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Wildlife in Puglia

Wildlife in Puglia

Wildlife in Puglia is hugely rich and diverse, with some species that may surprise even the most ardent of nature lovers.

Much of the wildlife stems from the two main national parks: the Gargano National Park (which contains the Umbra Forest Nature Reserve) and the Alta Murgia National Park. There are also many miles of coastline, plus an abundance of mountains, forests and lakes.

In the huge Gargano (1,181 sq km in total), hundreds of animal species can be found around its rocky coasts and Aleppo pine forests. Common are boars, wildcats, avocets, roe deer and many different woodpecker species. Roughly a dozen reptile species inhabit Gargano, most of which are snakes. Some of the more unusual are Italian wall lizards, green-whipped snakes and Italian three-toed skinks.

The Umbra Forest sees countless animal species. As expected, you can see everyday animals such as foxes and badgers. A lot of birds are also native to the area, including diurnal and nocturnal predatory birds. But what makes the forest unique is its curious mix of critters. The Italian roe deer can be found in the forest.

Unfortunately, it is endangered, therefore protected by the WWF and it is not very easy to meet due to its shy nature. Mouflons and fallow deer are easily spotted, however, as they have their own area where they can be viewed from.

In the 68,000-hectare Alta Murgia National Park, there are many fascinating species of larks. This is helped by the park playing a role as an important resting area on birds’ migratory routes from northern Europe to Africa. Birdwatchers would be delighted at the sighting of golden plovers, harrier birds and tawny owls.

The Murgia also hosts amphibians such as colubrid snakes, Kotschy’s gecko, the Italian newt and the yellow-bellied toad, in addition to hundreds of reptile species. Mammals you may see include the beech marten (normally native to central Asia), porcupines, wolves and wild boars. Unfortunately, hunting and extreme changes to the environment have affected Puglian wildlife. The central Europe population of the Little Bustard bird and the fascinating Old World native Egyptian Vulture have both become extinct.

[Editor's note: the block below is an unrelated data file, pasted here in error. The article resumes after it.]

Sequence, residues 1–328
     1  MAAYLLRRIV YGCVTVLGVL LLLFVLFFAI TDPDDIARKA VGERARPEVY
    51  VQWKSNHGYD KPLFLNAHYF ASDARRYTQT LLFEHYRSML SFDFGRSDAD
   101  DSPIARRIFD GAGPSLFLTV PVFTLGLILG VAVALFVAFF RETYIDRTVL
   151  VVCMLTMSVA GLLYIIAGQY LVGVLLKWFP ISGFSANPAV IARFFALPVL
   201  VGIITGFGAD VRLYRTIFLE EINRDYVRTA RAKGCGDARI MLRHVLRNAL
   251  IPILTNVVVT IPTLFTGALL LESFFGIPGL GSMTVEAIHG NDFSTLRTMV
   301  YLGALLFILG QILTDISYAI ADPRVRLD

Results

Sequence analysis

Although not technically wildlife, you can view animals up close at the Zoo Safari at Fasano. Here, you can enjoy bison, giraffes, elephants, lions and tigers from the second largest wildlife park in Europe.

Puglia also boasts an incredible range of sea creatures on one of the longest coastlines in Italy. The region’s fish change throughout the seasons and visitors can get up close by enjoying scuba diving. Typically, you can see anything from seabass, salmon and mackerel, to less-common species such as the swordfish or Japanese amberjack. The several Puglian ports link up to a huge sea populated by sea bream, mullet, shrimp and squid.

You may even see an animal you don’t expect. Flamingos can be found in mild winter months (Salina Dei Monaci park can see hundreds!), along with wild horses and storks. There are even rumours of storks nesting in the ancient buildings of Rome!
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